Emberá basket is a one-of-kind piece and is the result of many hours of labor as well as an expression of the artist's own individual talent and artistic vision. The basket is also a repository of cultural information. Basket designs often incorporate religious symbols or representations of cultural artifacts or the artist's natural environment.
A Emberá basket starts with harvesting the basket materials. Decorative baskets are made from two types of plant fiber although utilitarian baskets may utilize other plant fibers as well. For the decorative coil baskets made to sell to the outside market Wounaan and Emberá women harvest their materials from the chunga or black palm (astrocaryum slandleyanum) and the nahuala or "panama hat" plant (carludovica palmata).
Material harvesting often requires a long and sometimes dangerous trek into the rainforest. Many areas surrounding indigenous villages have been deforested by commercial logging operations making materials scarce. To make harvesting expeditions even more arduous harvesters are often attacked by roving delinquents. Civil unrest in Colombia is spilling over the border into the Darien province of Panamá making life difficult for the indigenous residents of the area.
Many villagers have even migrated to Panama City fleeing violence in the Darien. Ill-suited for city life and urban jobs, women migrants depend on the sale of baskets to support their families but are increasingly finding it difficult to obtain the raw materials to continue their work. They often have to travel back to their villages to buy materials to bring to the city. Scarcity of raw materials is becoming a serious problem as more and more women make and sell baskets. Fortunately, reforestation projects of chunga and nahuala are starting as the economic importance of these trees is recognized.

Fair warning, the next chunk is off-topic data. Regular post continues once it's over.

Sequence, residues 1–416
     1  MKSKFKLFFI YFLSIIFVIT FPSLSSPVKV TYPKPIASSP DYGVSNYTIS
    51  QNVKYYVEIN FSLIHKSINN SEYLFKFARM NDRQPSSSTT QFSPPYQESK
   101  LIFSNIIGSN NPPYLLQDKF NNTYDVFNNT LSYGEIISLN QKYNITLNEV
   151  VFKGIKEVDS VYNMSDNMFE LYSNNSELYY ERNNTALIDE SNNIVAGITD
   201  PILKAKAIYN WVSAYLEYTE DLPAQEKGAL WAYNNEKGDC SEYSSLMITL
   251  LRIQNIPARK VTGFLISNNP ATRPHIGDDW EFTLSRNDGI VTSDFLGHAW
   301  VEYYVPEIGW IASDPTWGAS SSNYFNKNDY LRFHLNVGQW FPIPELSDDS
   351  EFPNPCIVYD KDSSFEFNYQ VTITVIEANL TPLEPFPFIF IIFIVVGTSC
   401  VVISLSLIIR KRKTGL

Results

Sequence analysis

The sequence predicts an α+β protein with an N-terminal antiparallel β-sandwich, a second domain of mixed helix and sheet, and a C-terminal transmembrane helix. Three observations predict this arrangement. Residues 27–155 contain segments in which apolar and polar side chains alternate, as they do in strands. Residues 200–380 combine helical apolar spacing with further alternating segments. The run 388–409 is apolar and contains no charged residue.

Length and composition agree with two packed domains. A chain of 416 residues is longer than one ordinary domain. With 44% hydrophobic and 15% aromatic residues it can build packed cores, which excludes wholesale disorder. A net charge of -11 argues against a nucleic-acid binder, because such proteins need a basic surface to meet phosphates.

Processing the Materials
Once the palm fibers have been obtained they must be processed. First they are dried and bleached in the sun and split to the appropriate thickness. The chunga fiber used for the sewing material is then colored with natural plant dyes. Decorative baskets require fibers of many colors and the Wounaan and Emberá artisans are continually developing new and vibrant colors from rainforest plants. Some women have gardens of dye plants while others must search in the forest for leaves, roots, bark and other materials to color the palm fibers. Urban women usually buy fibers that have already been processed back in the Darién villages and are ready to be made into baskets. Fiber processing is time consuming and requires a great deal of skill and knowledge as well as access to a variety of dye plants and space to carry out the procedures